With the support of a new $500,000 grant, Wesleyan will be able to expand its Digital Design Studio and integrate technology more fully into the University’s arts program.
The Sherman Fairchild Foundation awarded Wesleyan the grant in March. It will be applied over four years.
“We’re very grateful for this award,” said Nicole Stanton, dean of the Arts and Humanities Division and associate professor of dance. “The grant will enable Wesleyan to integrate technology more fully into our arts program, support the innovative work of our faculty and students, and expand cross-disciplinary opportunities within the arts and with other disciplines.”
The funds will specifically help with the creation of a new comprehensive Digital Design Commons (DDC), which will include renovations of the current Digital Design Studio housed in the Davison Art Center. The studio has already become a gathering space for faculty and students working in photography, architecture, graphic design, scenic design, typography, animation, and various other media. The new commons will include space for studio photography, art documentation, video and motion capture (i.e., green screening), media projection, and 3-D scanning. In addition, Wesleyan will be able to create a large, multidisciplinary space to be used for teaching and projects that promote greater collaboration among students.
The grant also will support expanding the arts curriculum to include new interdisciplinary arts courses that explore composition and improvisation across the arts. These courses will offer students individual and collaborative opportunities to engage in creative practices from a range of disciplinary lenses.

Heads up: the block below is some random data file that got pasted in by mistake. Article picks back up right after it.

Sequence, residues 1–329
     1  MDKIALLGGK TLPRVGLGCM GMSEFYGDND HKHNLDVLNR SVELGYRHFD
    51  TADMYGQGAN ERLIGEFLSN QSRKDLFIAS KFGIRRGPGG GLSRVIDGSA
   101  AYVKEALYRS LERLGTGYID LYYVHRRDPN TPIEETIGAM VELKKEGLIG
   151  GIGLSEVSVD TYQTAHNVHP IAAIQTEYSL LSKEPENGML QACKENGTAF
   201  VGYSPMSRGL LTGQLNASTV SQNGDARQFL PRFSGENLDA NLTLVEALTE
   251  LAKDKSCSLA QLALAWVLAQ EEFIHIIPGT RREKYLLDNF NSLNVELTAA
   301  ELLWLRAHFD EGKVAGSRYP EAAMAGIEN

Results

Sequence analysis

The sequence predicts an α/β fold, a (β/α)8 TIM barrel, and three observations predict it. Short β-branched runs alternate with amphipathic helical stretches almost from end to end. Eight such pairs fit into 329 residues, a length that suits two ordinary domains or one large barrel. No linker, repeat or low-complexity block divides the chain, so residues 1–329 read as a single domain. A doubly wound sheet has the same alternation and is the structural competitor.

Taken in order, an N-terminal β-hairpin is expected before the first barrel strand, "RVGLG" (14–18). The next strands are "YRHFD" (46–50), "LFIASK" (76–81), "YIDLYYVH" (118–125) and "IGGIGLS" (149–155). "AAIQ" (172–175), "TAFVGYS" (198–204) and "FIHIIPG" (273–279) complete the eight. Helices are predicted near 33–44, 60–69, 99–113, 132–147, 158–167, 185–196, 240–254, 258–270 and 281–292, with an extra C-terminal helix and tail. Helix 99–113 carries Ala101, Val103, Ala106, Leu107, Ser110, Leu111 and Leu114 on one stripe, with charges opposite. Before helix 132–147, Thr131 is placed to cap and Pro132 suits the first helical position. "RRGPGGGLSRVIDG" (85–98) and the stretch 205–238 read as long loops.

Since expanded curricular and programming needs require additional teaching and technical support, a professor of the practice will be appointed to assist with the daily operation of the DDC and support teaching and research in design and art. In addition, the DDC may employ Tech Tutors, part-time undergraduate work-study students who will offer peer-to-peer tutoring to support arts courses and provide increased monitoring of the expanded DDC spaces. Modeled on successful tutoring programs in writing, mathematics, and data analysis, Tech Tutors will be technically proficient students with previous experience in design, arts, and performance courses.
This spring, a new digital design committee, chaired by Andy Curran, William Armstrong Professor of the Humanities and professor of French, will make concrete recommendations to both Academic Affairs and Facilities about possible new programming and classroom space in the “Alsop Annex,” a building that is currently occupied by the Davison Art Center. If the committee’s plans are approved by the Board of Trustees, construction on the project would begin thereafter.